Rebecca Stead's Liar & Spy it's still pretty fresh. The author is just so skilled at setting -- in addition to the thoughtful puzzles she creates for her characters and her readers -- that Georges' Brooklyn apartment building and the mysteries that occurred there still occupy a corner of my brain (although maybe that's just guilt because it's been three weeks since I finished it). Stead's work is memorable enough that -- unlike some authors -- I'm not having any difficulty keeping it separate from First Light, her first novel and one I just finished listening to a few weeks before.
Georges (the s is silent) has had a rough couple of months. Aside from the fact that his parents named him after the pointillist Georges Seurat (a copy of his most famous painting hangs in Georges' family's living room) -- which causes relentless teasing from his seventh grade classmates ("Hey there Gorgeous!"), he and his parents have had to move out of their home because his architect-father was laid off, his mother is working long shifts at her nursing job to make ends meet, and his best friend has inexplicably joined the A-list crowd. But things start to look up when he sees a sign in the laundry room announcing the meeting of Spy Club in his new apartment building.
At the meeting, the only other members are a brother and sister, Safer and Candy, who live on the top floor. Safer is a year or so older than Georges, and he is deeply suspicious of the guy who lives on the floor below, Mr. X, who frequently leaves in the middle of the night carrying large suitcases. Safer, who is homeschooled, convinces Georges to join him in exposing Mr. X and the two of them embark on their mission to uncover the truth. At the same time, Georges is welcomed into the boisterous household of Safer and his family, something he finds he needs as his parents are away, occasionally past his bedtime.
Unlike Stead's other books, this one has no supernatural elements, but her recurring theme of friendship and how it evolves is honestly evoked here. Georges has some growing up to do and he knows it, but he's also resentful of having to do so, which makes him endearing and utterly real. It's not difficult to imagine this kid. I like how occasional fun facts are delivered without cluttering up the story -- wild parrots in Brooklyn, a bodega owner who demonstrates math when he makes change, the "gay test" (something about a shorter finger)! Stead's puzzle is mildly entertaining, unlike When You Reach Me (where it's fantastic!), but I thought the aha! moment was a little bit of a downer (kind of like Georges). I did like the flutters of Alfred Hitchcock's Rear Window that listening to the book gave me.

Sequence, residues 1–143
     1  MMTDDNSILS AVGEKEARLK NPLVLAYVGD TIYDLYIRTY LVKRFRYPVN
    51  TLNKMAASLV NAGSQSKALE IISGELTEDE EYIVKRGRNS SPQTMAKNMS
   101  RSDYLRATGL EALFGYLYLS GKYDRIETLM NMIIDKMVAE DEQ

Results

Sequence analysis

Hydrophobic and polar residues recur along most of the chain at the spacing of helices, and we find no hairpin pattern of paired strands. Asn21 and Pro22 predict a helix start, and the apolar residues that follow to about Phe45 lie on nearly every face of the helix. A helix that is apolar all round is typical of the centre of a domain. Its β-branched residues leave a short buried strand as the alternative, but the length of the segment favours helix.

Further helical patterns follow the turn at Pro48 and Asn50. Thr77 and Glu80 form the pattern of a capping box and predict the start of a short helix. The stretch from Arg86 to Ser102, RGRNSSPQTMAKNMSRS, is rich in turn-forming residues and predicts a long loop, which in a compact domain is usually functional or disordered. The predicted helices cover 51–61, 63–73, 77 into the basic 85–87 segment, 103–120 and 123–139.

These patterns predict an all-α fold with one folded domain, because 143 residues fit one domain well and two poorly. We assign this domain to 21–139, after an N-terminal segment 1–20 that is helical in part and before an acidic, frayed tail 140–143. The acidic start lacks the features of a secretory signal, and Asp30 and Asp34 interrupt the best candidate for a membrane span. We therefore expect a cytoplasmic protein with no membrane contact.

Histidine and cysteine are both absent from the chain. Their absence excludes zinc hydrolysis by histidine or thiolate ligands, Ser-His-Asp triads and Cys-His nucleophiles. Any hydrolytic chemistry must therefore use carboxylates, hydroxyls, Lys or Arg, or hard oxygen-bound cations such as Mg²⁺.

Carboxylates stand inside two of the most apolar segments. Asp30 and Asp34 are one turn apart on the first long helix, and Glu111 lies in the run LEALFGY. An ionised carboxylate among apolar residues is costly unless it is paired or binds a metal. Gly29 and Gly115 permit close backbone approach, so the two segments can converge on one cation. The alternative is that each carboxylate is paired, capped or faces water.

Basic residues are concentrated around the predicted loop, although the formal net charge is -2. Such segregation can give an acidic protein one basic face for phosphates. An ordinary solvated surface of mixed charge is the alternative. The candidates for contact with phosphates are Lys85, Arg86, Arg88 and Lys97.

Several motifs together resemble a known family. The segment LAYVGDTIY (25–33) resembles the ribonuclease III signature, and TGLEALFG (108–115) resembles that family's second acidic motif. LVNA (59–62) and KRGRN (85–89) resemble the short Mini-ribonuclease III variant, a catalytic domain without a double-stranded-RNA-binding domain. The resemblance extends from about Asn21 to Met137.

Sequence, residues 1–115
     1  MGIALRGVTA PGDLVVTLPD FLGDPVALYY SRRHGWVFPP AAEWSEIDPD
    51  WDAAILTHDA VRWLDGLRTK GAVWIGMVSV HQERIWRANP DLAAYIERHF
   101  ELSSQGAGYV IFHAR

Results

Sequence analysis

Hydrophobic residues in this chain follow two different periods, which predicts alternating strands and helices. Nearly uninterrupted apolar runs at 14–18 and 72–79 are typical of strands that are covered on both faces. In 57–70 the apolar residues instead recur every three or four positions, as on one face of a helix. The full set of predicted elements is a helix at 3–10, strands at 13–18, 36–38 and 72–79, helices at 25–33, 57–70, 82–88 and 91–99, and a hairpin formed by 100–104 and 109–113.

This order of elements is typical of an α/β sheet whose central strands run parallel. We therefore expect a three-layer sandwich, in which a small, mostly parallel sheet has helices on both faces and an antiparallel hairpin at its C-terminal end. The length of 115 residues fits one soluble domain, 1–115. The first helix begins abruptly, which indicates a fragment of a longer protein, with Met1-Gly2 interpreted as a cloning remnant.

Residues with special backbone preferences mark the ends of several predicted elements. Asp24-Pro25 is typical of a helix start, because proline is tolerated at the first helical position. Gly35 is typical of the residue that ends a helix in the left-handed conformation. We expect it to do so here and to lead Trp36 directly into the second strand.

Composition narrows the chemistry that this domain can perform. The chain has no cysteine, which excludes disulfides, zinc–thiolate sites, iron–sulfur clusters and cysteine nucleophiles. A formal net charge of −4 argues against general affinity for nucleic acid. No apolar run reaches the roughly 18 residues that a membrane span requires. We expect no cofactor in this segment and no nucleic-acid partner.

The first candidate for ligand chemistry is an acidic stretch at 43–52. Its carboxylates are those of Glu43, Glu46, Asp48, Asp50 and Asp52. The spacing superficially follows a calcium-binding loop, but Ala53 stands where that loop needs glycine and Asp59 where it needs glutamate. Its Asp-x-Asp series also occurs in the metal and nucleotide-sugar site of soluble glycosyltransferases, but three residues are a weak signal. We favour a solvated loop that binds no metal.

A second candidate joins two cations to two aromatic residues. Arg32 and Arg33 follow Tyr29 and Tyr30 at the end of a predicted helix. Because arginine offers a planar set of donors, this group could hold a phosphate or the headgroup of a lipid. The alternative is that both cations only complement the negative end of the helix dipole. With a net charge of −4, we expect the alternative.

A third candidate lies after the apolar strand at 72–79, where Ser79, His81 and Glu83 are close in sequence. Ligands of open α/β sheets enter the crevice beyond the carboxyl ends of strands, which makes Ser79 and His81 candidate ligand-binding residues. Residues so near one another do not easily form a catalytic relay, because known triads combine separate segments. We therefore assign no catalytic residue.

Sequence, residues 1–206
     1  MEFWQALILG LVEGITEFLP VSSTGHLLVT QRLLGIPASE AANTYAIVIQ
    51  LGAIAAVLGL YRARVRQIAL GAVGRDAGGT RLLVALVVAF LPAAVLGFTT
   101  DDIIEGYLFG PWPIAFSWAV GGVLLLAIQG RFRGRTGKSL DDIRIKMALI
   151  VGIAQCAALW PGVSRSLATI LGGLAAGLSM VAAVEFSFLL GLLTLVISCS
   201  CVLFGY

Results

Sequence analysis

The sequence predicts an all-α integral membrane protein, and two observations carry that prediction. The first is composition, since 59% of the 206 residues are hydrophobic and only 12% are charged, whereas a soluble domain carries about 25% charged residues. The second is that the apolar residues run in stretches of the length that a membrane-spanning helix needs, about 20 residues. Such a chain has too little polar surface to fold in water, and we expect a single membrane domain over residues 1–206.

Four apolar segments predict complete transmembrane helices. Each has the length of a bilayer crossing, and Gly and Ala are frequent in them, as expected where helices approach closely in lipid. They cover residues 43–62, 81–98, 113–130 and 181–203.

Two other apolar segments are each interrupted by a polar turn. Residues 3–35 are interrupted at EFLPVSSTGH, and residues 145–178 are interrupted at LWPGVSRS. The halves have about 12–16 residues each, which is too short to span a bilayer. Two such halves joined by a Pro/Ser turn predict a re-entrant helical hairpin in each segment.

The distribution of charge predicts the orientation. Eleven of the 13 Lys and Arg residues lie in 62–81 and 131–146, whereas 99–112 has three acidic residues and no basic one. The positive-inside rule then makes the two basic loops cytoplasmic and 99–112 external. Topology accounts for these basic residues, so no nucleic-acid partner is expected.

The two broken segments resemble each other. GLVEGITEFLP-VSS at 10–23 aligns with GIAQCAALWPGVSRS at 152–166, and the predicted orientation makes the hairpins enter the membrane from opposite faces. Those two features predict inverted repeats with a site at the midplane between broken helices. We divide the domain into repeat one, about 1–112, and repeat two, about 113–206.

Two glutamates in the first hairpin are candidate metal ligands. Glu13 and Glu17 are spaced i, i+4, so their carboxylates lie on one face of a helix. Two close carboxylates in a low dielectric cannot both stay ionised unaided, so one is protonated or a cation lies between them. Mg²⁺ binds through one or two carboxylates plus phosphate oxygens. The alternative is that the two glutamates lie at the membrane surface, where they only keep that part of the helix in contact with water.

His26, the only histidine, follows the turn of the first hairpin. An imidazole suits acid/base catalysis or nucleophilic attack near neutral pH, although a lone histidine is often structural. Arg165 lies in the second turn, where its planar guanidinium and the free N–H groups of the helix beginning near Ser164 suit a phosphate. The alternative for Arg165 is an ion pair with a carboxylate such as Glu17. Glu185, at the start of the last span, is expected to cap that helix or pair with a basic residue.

Jesse Bernstein, a familiar reader from my years of listening to kids books. He's not a narrator I seek out as a rule, but he does professional work, always. There's a little New York in his youthful delivery that works nicely for young Georges. Safer -- a character with somewhat hidden depths -- is voiced quietly and more maturely, while the annoying little sister Candy is read annoyingly in an appealing way. The short book moves along at a steady pace.
One thing makes this a little awkward in audio. There is a very interesting character, a classmate of Georges whom he calls Bob English Who Draws. BEWD uses imaginative (or just plain mal-educated) spelling in the notes that he passes to Georges in class, and these are painstakingly spelled by Bernstein as he reads the novel. Fortunately, there aren't too many of these.
Stead's books straddle a fine line -- they are so evocative of New York, yet the New York they show isn't an inaccessible one to kids who've never been there. As a former Brooklyn-ite, I was mildly curious about where exactly Georges' neighborhood was. But, really, it could be any neighborhood, anywhere. Her characters and situations are ones that nearly every kid would recognize.
[Georges' favorite part of Seurat's (whom he calls Sir-Ott) painting is the monkey on a leash in the foreground. Since to reproduce Un dimanche après-midi à l'Île de la Grande Jatte - 1884 would render it insignificant, I found instead a study Sept singes, from the Musée du Louvre print collection.]
Liar and Spy by Rebecca Stead
Narrated by Jesse Bernstein
Listening Library, 2012. 4:41